The readers will have to excuse the author for being even more of a nerd than usual. But in museum ethnography and some part of anthropology, the explanatory powers of objects are being explored these years. I just read a book a couple of weeks ago called Biographical Objects. The author, Janet Hoskins, gives an insightful and thought provoking analysis of the potential of certain objects to tell people’s biographies. She shows how the presence of a particular object opens a ‘room’ in which it becomes possible to talk about life shaping events and courses. A ‘room’, which would have been impossible to enter if that particular object had not been there.
This samurai garb opens a story, which would hardly have been told, had it now existed: the story – or rather the history – of museums in Aarhus. In 1861, a courier delivered a big box to the newly opened local museum in Aarhus next to the Cathedral. The box had been transported all the way from Copenhagen. It contained no less than two samurai garbs. The recipient of garbs (with accompanying swords) was T. C. Dahl, who had just founded the small association that would later become known as Moesgaard Museum. As prefect in Aarhus, he had requested the loan of the two samurai garbs from what is today known as ‘Tøjhusmuseet’ in Copenhagen – a museum of military uniforms, weapons, and the like.
Why T.C. Dahl requested the loan of the garbs remains unknown, but they have not left Aarhus until this very day. Those familiar with Danish history will know, that the Danish Army suffered a humiliating defeat to the German armies in 1864, and the loan of the garbs was presumable forgotten. Aarhus Museum moved to another location in Aarhus in 1877, and around 1910 the garbs were moved again. It was decided that the old Aarhus Museum should focus on Danish prehistory (that decision was reversed later in the 1940s), and the strange Japanese garbs were transferred to The Old Town; the local open-air museum situated in the botanical garden some 800 meters away. Here the garbs and the swords at some point fell into oblivion – only to be found in 1984 by the head curator, who opened an old cabinet in an attic (there are many houses and many attics in the Old Town!), which had not been opened for decades. And what almost fell out: the samurai garbs!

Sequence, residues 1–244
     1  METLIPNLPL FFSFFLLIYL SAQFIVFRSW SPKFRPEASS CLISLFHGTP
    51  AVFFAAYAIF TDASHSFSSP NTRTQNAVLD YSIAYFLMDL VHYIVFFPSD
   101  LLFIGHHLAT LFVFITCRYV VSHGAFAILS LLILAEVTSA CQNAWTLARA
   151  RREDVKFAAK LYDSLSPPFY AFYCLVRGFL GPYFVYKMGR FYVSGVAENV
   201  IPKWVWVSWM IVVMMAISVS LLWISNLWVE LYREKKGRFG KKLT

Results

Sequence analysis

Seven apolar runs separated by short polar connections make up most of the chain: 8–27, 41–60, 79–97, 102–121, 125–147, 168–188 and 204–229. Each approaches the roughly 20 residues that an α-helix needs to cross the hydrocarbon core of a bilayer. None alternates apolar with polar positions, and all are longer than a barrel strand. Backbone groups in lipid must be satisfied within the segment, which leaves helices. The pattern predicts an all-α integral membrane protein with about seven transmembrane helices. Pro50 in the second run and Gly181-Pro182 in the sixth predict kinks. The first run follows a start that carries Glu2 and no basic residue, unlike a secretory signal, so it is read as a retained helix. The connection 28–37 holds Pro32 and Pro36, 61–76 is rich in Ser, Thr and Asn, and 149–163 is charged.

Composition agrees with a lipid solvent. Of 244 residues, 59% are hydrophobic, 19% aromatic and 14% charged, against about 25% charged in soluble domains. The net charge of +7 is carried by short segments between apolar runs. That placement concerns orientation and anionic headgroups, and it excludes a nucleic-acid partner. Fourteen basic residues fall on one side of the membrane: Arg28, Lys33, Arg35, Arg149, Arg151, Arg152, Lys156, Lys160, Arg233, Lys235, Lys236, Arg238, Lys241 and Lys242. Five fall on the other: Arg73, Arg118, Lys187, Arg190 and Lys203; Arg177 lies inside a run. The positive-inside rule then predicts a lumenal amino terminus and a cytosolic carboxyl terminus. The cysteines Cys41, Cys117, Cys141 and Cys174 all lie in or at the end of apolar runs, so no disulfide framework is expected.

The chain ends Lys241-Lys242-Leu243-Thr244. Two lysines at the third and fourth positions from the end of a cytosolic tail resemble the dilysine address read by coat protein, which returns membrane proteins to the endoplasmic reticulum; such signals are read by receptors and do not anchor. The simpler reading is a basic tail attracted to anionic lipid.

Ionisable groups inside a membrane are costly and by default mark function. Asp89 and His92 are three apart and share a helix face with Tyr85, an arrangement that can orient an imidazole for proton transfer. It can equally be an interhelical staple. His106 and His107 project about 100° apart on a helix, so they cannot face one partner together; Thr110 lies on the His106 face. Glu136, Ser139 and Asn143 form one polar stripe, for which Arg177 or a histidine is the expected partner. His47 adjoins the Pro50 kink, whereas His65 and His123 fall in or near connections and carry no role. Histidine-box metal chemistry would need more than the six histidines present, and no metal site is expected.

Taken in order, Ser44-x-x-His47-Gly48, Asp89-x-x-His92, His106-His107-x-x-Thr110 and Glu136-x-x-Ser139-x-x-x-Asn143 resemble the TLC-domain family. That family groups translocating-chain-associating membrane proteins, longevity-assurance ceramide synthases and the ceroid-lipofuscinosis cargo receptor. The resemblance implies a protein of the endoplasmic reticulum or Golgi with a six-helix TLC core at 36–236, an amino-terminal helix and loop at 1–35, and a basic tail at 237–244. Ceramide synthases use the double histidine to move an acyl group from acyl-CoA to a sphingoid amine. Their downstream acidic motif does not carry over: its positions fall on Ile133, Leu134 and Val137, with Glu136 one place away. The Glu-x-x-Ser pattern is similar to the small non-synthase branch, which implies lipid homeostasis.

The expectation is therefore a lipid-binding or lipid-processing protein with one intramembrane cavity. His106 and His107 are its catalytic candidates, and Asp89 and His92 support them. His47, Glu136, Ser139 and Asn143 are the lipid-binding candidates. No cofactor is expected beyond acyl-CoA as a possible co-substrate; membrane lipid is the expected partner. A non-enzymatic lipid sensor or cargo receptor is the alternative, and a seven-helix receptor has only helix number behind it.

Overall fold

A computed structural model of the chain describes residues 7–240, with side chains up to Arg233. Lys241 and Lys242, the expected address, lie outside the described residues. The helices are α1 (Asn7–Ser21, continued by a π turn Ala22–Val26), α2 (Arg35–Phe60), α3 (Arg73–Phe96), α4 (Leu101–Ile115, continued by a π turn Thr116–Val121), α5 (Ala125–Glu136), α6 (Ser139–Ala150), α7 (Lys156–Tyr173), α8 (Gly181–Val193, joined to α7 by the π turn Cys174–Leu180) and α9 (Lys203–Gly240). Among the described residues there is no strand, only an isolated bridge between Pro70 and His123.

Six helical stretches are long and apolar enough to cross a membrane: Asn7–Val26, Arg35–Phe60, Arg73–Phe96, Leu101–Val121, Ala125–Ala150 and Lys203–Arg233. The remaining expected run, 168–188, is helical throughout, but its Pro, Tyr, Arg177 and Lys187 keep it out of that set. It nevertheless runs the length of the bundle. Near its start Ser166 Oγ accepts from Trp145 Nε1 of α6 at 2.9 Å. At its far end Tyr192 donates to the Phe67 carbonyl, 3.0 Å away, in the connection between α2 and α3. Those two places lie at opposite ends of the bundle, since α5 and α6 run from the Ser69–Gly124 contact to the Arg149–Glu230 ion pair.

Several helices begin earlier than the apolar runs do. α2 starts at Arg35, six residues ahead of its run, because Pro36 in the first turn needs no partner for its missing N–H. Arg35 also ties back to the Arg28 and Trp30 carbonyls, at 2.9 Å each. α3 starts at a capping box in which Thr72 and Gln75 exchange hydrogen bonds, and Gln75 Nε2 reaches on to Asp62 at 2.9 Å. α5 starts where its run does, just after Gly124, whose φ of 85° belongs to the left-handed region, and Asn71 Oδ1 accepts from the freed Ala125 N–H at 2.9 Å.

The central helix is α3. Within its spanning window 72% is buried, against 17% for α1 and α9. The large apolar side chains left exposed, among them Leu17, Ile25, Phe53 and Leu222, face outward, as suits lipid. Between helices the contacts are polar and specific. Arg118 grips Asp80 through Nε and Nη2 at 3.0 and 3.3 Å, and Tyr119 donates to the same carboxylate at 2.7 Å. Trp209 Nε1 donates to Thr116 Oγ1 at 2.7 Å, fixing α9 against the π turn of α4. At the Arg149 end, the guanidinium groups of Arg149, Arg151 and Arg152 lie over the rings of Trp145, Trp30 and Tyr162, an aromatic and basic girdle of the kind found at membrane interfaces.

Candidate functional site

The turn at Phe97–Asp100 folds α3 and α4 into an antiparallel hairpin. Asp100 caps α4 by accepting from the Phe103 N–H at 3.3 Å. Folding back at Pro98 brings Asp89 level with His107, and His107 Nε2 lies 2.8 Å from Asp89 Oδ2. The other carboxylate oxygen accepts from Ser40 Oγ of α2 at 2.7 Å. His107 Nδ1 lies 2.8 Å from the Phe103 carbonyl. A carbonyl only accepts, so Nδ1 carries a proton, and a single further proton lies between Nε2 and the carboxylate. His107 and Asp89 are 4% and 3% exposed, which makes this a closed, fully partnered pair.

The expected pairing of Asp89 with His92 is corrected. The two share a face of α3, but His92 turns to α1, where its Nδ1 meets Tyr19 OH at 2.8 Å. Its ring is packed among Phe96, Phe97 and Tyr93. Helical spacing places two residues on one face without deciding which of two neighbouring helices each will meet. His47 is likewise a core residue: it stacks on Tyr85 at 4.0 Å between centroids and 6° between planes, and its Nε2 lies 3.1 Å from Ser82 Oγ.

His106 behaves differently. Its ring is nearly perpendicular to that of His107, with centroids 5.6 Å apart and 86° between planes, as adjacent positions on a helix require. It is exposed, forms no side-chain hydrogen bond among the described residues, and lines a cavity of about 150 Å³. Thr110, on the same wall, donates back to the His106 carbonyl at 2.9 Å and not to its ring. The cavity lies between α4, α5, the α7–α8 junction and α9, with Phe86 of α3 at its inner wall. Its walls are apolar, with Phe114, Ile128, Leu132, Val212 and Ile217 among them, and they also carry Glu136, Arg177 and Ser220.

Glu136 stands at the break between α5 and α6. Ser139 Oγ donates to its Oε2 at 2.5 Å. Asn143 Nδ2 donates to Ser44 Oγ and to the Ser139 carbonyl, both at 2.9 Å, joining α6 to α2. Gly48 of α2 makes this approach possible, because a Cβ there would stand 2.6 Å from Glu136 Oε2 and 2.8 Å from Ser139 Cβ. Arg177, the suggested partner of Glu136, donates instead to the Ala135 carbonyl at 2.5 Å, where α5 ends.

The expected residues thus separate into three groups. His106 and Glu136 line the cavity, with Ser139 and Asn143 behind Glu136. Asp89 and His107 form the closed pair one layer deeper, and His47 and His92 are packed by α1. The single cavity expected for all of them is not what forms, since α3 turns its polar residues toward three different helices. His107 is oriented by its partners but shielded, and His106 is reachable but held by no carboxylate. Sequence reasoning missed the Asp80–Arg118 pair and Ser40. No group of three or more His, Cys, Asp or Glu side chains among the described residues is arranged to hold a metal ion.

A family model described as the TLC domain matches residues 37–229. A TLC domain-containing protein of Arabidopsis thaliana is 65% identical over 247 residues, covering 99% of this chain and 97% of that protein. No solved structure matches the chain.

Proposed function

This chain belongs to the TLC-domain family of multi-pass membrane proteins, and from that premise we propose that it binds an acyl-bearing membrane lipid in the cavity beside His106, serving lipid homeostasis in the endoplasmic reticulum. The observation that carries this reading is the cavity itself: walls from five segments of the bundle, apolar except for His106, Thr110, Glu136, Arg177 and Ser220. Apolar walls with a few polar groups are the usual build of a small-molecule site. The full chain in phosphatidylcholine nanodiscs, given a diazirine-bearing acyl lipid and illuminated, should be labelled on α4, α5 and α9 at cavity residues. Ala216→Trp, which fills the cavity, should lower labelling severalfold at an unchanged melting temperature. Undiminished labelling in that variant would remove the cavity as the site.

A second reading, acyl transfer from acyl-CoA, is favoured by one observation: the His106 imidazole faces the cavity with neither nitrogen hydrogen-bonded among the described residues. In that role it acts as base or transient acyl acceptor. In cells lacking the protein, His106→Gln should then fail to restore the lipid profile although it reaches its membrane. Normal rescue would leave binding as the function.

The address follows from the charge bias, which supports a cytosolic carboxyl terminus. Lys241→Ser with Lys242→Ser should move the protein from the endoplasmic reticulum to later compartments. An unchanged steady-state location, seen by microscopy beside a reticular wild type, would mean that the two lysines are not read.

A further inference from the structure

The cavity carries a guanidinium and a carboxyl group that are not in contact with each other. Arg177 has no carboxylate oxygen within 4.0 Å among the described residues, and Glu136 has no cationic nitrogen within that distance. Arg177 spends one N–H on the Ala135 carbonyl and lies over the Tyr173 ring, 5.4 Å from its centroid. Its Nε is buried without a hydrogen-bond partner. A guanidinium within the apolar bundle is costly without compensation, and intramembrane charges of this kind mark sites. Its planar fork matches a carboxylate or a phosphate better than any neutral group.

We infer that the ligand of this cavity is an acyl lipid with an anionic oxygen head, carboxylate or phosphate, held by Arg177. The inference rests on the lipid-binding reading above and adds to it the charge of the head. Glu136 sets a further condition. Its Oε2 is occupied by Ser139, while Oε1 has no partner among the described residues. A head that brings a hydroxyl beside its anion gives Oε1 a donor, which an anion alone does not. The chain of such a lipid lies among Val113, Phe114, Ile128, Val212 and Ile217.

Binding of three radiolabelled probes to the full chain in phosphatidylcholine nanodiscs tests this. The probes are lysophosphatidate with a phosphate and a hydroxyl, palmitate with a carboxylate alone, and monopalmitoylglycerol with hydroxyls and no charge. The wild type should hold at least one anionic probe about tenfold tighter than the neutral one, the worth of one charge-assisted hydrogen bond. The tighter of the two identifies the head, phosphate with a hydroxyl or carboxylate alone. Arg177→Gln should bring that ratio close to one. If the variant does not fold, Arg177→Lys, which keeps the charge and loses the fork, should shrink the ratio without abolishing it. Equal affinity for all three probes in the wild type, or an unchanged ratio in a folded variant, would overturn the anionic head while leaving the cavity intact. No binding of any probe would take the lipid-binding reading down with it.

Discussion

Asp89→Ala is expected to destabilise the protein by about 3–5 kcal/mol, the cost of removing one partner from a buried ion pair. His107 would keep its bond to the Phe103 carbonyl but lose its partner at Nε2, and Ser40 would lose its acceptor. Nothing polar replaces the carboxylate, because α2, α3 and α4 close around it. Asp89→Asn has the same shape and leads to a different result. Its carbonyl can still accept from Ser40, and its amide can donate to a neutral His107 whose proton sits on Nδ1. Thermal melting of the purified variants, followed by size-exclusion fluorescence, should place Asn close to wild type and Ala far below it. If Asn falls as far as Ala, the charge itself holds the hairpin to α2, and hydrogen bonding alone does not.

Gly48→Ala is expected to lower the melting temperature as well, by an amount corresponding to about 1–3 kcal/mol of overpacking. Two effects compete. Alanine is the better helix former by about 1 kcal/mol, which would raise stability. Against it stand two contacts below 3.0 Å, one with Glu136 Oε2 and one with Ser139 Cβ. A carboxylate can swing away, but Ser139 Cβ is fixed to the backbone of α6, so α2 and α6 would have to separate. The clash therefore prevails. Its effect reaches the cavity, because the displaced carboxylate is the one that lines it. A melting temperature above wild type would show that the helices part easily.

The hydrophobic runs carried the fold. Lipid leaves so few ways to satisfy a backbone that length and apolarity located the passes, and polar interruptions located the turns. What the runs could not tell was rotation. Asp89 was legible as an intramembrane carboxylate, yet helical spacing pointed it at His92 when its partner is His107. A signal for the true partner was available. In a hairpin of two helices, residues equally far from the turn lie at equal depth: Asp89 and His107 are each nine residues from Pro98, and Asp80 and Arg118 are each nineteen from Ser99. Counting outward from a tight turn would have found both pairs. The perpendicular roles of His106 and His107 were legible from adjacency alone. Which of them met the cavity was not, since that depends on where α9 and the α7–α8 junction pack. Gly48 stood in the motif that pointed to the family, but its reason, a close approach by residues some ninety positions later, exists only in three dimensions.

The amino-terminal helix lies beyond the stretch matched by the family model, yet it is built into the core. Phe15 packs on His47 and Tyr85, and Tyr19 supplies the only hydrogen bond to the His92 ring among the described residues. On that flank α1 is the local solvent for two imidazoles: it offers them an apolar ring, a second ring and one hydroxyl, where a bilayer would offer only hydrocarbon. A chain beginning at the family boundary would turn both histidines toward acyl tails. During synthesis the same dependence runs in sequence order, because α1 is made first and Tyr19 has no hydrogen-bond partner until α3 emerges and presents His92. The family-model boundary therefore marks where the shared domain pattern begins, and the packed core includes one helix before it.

The museum was clearly focused on the history of Danish market towns – with no interest in Japanese samurai garbs – and they were transferred to Moesgaard shortly after. At Moesgaard, the Ethnographic Study Collection belonging to Aarhus University was placed. These collections were formally handed over to Moesgaard Museum in 1999. One of the marvelous garbs was exhibited in the exhibition “One World – a Thousand Stories” in 2007.
The swords, however, have been missing for many years….
//Ulrik Høj Johnsen